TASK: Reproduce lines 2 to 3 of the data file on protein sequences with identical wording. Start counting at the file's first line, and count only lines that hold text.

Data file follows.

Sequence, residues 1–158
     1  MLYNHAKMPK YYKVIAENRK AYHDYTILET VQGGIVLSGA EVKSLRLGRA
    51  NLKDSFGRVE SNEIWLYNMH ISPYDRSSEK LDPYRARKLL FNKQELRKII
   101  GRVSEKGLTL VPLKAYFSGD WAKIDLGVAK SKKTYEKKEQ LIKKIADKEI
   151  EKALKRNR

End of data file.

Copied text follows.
     1  MLYNHAKMPK YYKVIAENRK AYHDYTILET VQGGIVLSGA EVKSLRLGRA
    51  NLKDSFGRVE SNEIWLYNMH ISPYDRSSEK LDPYRARKLL FNKQELRKII